State board again says Washington Twp. must stay in Dover schools
The state Board of Education once again denied a request for Washington Township residents to transfer school districts — and for some residents, it's a huge relief.
"From the parents and students side, we’re elated that we’re staying in Dover," said Holly Feeser, a member of Keep Us in Dover Schools.
The group — which includes parents, relatives, township residents and supporters from Dover Township and borough — had been outspoken at previous hearings about the harm that could come from about 250 township students making the switch from Dover Area School District to Northern York County School District.
And on Jan. 10, education board chair Karen Farmer White denied the change for the Washington Township Independent School District — which was created to prepare for the transfer — based on a majority board vote.
Reasons for denial: The WTISD had to meet a majority of the standards set in Hoots v. Commonwealth of Pennsylvania for the board's decision to weigh in favor of the transfer.
Although the board agreed that both districts would still be able to provide a comprehensive education following the transfer, the move failed to meet standards involving available educational opportunities and the ability to utilize buildings without unnecessary construction.
For example, some programs are not offered at Northern, such as Dover's geo-spatial information program, and since class sizes would rise above district policy, Northern would likely be forced to renovate its middle school.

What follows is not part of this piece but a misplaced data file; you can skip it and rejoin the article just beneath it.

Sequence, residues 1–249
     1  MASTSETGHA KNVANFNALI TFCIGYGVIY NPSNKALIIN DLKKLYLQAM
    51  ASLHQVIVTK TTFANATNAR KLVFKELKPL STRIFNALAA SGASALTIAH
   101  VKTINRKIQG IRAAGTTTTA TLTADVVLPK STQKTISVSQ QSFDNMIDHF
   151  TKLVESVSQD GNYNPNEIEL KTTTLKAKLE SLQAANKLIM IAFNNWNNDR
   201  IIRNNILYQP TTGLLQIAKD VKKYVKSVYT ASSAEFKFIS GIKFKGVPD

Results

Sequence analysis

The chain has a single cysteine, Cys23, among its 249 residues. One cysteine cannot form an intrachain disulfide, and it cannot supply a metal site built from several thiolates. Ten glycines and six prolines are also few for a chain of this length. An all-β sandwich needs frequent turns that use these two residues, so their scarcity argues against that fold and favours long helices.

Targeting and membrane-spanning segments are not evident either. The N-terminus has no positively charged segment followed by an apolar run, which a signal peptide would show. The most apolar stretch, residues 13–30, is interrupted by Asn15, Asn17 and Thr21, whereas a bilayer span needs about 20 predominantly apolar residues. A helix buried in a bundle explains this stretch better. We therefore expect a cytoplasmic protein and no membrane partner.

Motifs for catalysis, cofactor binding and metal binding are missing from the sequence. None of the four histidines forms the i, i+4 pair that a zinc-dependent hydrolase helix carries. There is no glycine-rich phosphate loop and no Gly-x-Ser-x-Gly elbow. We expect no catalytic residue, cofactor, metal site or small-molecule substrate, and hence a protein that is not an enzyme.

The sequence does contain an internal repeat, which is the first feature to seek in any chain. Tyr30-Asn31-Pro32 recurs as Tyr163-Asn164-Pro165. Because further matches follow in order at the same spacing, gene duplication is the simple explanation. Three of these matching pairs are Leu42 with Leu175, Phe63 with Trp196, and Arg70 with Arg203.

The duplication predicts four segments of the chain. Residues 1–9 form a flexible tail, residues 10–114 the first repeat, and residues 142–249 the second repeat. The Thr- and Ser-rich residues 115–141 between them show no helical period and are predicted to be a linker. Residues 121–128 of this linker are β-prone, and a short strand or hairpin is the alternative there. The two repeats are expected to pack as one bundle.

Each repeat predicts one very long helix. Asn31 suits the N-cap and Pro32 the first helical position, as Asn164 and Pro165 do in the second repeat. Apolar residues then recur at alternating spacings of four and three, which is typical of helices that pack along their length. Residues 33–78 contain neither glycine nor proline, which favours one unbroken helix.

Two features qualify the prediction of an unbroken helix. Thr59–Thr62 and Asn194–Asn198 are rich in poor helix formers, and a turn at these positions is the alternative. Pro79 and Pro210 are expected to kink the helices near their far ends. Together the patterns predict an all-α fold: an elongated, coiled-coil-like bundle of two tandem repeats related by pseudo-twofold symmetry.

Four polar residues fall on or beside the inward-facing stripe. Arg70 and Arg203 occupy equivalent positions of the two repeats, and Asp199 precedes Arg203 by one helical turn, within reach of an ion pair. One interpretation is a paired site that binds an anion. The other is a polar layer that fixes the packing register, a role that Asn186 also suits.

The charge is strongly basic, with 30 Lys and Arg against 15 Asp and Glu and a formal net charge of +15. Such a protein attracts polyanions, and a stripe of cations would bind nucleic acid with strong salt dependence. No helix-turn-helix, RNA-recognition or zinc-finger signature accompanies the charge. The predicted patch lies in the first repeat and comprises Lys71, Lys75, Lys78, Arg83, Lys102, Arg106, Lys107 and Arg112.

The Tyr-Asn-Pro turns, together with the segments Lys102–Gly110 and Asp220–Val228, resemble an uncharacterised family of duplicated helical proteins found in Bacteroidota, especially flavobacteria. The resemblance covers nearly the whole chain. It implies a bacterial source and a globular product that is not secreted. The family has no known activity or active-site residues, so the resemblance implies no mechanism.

Background: The denial comes after previous rejections in 2015 and 2017, and it points to a losing battle that goes back even further.
Before becoming the WTISD, the Washington Township Education Coalition filed a petition with the York County Court of Common Pleas in July 2012, seeking the transfer based on a better education, shorter commute and lower taxes at Northern.
After the state board's 2015 denial, a judge ruled it had been too broad in its review and ordered that it reconsider its vote — but the board again rejected the transfer in 2017.
"When this first started, my daughter was a second-grader, and now she’s in high school," Feeser said, noting the process has dragged on for years.
Not over: But for Daniel Fennick, an attorney for the WTISD, it's far from over.
He claims the board again operated unfairly — modifying the standards to make them more specific and difficult to meet.
"We think the state board just doesn’t want this to happen," he said.
If an agency refuses to hear a case in the proper way, there are cases that say the decision can be reversed, Fennick said, and to that end, he's already begun preparing for an appeal to the Commonwealth Court.